In Translation: Fahmy Howeidy on Salafis

The electoral success of the Salafis has alarmed many in secular circles, but not only. Fahmy Howeidy, an Islamist writer considered to be one of the most-read commentators in the Arab world, wrote last week of his relief in seeing a prominent Salafi personality defeated in Alexandria. The article was translated courtesy of Industry Arabic, which is sponsoring our In Translation series.

Society Has Issued Its Verdict

By Fahmy Howeidy, al-Shorouk, 8 December 2011.

I cannot conceal my feelings of relief at the defeat of Eng. Abdel Moneim al-Shahat, one of the representatives of the Salafi movement, in the run-off election.1 I consider this defeat a message sent to him by society, which should be taken in by him and his ilk of fanatical Salafis, who incessantly terrify people with their abuse of both the sacred and the secular. When I heard the results, I said that the issue here is not a question of who won, but rather the real story is that this man failed and did not succeed.

I do not know Eng. al-Shahat personally, but whenever I heard him or followed him speaking in the media, I felt like he was launching a personal insult at me in my capacity as a researcher concerned with Islamic issues. When I learned of the final tally in the second round of elections in the al-Nuzha electoral district in Alexandria, I said that voters’ aversion to him was a sort of punishment vote against him for the statements he keeps spewing, especially as of late.  This is a story that deserves to be told.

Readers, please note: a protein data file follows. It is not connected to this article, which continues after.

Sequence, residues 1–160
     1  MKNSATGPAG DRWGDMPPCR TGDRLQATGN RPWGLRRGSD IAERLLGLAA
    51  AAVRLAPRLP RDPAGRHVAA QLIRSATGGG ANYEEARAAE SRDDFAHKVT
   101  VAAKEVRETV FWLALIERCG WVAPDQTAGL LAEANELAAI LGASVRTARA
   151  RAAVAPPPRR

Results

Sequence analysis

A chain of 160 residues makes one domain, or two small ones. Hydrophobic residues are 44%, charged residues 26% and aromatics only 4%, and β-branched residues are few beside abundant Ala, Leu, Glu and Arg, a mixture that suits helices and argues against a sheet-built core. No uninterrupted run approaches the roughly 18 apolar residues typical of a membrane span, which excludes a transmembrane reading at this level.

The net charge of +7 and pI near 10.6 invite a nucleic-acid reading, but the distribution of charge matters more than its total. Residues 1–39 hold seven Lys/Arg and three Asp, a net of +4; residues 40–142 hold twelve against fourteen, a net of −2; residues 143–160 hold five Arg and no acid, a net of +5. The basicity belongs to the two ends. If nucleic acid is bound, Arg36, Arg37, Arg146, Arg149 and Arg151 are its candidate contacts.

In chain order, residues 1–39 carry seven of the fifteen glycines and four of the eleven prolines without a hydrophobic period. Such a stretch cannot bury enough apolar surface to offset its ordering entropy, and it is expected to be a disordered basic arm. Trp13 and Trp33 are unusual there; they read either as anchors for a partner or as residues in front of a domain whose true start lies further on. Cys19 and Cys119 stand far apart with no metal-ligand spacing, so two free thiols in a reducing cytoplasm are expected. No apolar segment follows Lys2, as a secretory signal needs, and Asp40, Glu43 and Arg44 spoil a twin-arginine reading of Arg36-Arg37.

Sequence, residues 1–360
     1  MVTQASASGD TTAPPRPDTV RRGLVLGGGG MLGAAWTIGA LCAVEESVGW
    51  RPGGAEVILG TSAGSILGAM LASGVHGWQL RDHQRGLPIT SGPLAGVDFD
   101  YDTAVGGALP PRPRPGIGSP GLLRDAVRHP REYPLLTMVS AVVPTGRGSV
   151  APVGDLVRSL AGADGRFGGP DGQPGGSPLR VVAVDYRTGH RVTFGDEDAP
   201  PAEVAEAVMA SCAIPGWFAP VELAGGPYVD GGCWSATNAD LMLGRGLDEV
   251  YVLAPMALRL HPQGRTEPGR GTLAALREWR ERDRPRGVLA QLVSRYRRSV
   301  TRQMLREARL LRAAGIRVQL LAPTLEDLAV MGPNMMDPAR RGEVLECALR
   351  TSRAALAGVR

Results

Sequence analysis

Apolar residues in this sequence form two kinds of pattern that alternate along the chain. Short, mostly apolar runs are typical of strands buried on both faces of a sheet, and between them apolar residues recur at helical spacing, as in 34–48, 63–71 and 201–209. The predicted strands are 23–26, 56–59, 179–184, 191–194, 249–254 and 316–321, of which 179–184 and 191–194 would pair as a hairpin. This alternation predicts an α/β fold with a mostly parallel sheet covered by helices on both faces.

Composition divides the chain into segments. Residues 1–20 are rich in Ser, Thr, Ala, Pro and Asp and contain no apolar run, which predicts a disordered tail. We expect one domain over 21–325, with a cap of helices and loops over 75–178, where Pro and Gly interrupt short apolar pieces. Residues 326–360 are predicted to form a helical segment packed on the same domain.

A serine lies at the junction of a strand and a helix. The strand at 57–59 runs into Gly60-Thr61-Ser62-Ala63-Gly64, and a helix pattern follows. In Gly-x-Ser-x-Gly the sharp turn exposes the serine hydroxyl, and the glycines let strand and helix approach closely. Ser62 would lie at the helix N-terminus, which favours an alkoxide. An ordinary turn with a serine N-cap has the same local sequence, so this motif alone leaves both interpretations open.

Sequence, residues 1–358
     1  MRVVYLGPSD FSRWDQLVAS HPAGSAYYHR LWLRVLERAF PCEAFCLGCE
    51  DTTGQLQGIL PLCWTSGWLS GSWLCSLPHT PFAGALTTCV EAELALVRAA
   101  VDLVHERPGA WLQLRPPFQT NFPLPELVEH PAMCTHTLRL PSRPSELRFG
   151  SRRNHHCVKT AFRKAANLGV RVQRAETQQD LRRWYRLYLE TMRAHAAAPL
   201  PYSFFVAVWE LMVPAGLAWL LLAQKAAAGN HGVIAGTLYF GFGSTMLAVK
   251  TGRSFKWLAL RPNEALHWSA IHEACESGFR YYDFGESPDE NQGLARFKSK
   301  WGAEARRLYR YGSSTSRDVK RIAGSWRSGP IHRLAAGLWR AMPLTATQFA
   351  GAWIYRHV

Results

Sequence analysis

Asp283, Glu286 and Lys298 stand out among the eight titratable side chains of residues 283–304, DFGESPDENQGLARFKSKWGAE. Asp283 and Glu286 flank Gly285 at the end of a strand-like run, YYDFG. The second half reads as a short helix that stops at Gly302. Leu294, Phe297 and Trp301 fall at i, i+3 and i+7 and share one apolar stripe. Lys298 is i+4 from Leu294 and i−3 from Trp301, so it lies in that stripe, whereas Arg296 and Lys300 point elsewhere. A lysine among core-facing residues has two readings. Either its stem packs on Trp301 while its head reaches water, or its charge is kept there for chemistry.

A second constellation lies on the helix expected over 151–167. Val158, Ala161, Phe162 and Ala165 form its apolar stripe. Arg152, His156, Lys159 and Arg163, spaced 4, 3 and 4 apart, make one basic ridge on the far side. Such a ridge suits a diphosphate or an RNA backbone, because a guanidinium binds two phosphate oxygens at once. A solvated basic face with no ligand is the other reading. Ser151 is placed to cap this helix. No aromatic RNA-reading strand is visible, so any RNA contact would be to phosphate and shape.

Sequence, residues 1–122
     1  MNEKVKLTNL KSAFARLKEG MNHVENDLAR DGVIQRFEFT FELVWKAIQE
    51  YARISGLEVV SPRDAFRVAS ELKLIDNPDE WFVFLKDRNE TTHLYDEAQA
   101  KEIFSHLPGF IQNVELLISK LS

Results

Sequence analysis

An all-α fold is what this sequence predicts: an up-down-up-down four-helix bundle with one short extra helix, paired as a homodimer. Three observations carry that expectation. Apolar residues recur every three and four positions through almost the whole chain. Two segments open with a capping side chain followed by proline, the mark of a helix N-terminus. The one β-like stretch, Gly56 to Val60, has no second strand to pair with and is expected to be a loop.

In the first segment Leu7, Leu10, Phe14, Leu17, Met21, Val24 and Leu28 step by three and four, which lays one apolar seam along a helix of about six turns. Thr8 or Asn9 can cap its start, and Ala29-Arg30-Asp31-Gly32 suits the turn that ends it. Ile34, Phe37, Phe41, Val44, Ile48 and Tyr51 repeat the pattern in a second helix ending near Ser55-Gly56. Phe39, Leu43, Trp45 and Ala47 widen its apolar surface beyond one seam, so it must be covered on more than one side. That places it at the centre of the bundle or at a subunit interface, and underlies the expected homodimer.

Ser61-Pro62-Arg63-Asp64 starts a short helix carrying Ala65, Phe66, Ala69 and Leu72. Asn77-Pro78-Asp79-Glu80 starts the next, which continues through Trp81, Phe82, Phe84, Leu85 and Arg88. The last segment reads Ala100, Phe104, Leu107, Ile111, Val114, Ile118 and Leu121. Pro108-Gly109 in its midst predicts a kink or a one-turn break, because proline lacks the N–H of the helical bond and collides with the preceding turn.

In the first round of the election, Eng. al-Shahat captured about 191,675 votes, while his opponent, the independent lawyer Hosny Duwiedar — who received support from the Muslim Brotherhood — won 144,296 votes. He was known as an extremist ever since his days as a university student. We discovered him when he started appearing on satellite channels, and some newspapers vied with each other to shed light on him due to his perverse views that were considered rich game for those who like to hunt and provoke.

This was most evident when the host of a populist TV show invited him on and barraged him with questions that all focused on his views on people’s private lives, states of dress and undress, the hijab and the niqab, bathing suits, cabarets, alcohol, gambling, entertainment, etc. Our friend responded to all these questions in the negative, to the extent that it seemed like he wanted to overturn everything in society without any gradualism, moderation or compassion. The show’s host did not ask him about anything that concerns the masses like unemployment, education, health or development, but rather confined him to the problems of the elite and the interests of the upper class — which are the interests that most of the media still focuses on at the present time. The man subsequently attacked democracy and declared it to be bid’a2, and he went back to talking about growing out beards, closing down banks, and banning bathing suits. We didn’t hear a word from him about what he could accomplish to benefit God’s creation. It was as if he didn’t want to leave the realm of bans and prohibitions, and give people hope in permissible and recommended acts (those which are encouraged or desirable).3